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Work/Family Policies and Their Impact on Women's Employment and Business Success

By Ariane Hegewisch

As part of its “Doing Business: Gender” program, the World Bank commissioned IWPR’s Ariane Hegewisch and Janet Gornick from the City University of New York (CUNY) to review research of work family policies, to identify best practice designs and draw out possible lessons for developing countries. Most countries in the world provide some form of work family supports including paid maternity leave (the United States now is one of only four countries in the world where women lack this right) assistance with child care, and the increasingly common option of flexible work arrangements. The designs of such policies vary substantially between countries, providing the opportunity to examine the effects of different policy designs on women’s economic prospects and on businesses. The results of such comparisons are of increasing interest to policymakers in high-income countries; as populations age, societies can ill afford to lose the skills and labor of women who are pushed out of the labor force because of caregiving responsibilities.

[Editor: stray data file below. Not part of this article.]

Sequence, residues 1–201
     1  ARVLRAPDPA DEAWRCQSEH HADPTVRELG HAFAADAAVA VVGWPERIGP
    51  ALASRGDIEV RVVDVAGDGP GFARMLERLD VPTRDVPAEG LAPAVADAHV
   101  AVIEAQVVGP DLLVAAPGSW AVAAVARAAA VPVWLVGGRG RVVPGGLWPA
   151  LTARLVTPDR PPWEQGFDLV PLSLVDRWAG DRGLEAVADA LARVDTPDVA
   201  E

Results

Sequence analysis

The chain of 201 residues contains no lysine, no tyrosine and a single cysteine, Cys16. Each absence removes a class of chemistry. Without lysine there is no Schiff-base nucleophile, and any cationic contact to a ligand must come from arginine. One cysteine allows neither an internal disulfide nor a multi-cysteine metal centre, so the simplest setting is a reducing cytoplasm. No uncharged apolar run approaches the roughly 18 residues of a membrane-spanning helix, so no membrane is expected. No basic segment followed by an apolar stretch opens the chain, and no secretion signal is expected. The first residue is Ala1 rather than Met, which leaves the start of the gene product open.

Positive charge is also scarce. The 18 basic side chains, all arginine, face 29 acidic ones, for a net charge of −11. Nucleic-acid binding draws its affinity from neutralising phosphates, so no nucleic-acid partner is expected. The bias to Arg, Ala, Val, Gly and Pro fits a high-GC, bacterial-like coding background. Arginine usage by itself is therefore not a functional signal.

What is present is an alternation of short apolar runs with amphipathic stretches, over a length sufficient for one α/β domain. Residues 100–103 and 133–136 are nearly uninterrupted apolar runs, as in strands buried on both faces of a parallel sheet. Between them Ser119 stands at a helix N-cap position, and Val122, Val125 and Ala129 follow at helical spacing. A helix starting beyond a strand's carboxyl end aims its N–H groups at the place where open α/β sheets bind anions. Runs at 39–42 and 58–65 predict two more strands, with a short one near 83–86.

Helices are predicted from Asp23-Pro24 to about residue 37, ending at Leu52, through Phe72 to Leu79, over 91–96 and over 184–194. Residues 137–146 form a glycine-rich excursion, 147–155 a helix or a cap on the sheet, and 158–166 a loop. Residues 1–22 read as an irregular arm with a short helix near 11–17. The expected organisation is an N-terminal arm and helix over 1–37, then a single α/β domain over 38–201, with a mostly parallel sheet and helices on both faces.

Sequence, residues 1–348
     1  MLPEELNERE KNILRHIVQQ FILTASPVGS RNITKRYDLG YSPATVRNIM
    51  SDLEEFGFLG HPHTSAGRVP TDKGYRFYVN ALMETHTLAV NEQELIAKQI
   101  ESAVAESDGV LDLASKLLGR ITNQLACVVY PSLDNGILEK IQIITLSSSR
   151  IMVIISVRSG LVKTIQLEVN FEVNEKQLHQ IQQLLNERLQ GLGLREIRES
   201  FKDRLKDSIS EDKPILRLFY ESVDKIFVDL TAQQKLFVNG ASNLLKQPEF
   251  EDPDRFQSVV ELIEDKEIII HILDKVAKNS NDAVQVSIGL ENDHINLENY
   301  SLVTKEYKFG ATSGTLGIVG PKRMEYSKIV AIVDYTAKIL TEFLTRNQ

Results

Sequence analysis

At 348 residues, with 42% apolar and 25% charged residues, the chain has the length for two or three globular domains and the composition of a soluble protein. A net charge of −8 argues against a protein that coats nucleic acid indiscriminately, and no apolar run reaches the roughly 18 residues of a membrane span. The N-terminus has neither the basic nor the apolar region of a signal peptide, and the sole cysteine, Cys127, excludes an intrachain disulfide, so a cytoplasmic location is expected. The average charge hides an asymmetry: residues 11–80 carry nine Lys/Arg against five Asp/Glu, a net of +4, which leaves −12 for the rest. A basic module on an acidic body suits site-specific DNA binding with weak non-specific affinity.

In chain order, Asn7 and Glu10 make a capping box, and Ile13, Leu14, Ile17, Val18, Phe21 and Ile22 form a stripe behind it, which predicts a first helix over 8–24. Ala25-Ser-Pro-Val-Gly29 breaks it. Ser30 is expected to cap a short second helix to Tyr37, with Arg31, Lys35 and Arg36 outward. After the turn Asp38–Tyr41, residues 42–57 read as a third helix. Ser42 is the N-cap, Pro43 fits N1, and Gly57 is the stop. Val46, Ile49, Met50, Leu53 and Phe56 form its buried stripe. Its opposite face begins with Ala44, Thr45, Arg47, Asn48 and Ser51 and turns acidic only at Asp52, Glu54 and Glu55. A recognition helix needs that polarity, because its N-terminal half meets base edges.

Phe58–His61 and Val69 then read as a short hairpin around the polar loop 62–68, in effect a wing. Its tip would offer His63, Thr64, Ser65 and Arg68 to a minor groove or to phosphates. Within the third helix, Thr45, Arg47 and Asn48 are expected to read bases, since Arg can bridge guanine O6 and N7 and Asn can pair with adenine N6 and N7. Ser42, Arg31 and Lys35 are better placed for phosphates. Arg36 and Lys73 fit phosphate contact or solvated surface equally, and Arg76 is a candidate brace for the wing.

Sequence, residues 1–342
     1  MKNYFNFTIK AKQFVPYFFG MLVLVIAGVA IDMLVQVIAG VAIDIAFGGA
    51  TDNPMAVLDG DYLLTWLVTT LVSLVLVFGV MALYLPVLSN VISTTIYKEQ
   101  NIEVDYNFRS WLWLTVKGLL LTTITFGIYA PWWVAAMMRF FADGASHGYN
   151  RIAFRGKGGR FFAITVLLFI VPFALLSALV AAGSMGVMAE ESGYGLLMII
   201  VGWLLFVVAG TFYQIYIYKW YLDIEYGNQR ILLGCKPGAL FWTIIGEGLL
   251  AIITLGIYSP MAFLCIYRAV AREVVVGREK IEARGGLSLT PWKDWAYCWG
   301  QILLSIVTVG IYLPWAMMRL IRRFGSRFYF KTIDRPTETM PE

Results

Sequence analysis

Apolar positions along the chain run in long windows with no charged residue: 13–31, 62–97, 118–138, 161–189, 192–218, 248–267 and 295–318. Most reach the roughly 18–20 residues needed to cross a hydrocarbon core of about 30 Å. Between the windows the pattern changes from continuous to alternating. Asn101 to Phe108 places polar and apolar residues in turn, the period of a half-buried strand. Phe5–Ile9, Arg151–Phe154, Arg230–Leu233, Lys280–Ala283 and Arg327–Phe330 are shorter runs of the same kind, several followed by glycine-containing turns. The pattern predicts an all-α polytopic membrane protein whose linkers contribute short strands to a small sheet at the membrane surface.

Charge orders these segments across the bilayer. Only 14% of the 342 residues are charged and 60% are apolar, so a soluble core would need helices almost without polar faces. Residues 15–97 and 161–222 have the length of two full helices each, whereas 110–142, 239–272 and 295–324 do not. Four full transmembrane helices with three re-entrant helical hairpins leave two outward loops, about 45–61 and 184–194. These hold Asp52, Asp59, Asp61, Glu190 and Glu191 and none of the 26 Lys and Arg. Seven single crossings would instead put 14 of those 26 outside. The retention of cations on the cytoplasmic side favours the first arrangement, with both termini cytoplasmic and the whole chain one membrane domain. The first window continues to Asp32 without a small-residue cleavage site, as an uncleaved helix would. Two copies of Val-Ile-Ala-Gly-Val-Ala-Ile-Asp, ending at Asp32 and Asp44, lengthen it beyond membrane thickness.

The policy lessons for high-income countries are fairly well-established and show the beneficial impacts of leave, childcare support, and access to workplace flexibility both for women, who benefit from greater labor force attachment, and the economy, which benefits from a greater pool of experienced (and tax paying) workers. Based on the experiences of high-income countries, the beneficial impact may disappear or become adverse when leave is too long, when mandates result in substantial costs for employers, or when workplace flexibility means fewer rights for part-time workers rather than more manageable working hours for all employees. The question is whether, and how, these results translate to lower income countries with substantial informal labor markets, underdeveloped social insurance and taxation systems, and substantial labor surplus rather than labor shortages. Perhaps the most prominent finding of this research review is the lack of policy attention – and research evaluation – given to the impact of work family supports for women, in spite of the fact that gender equality is now recognized as an important policy goal for development. IWPR and CUNY are working with the World Bank on next steps.

 

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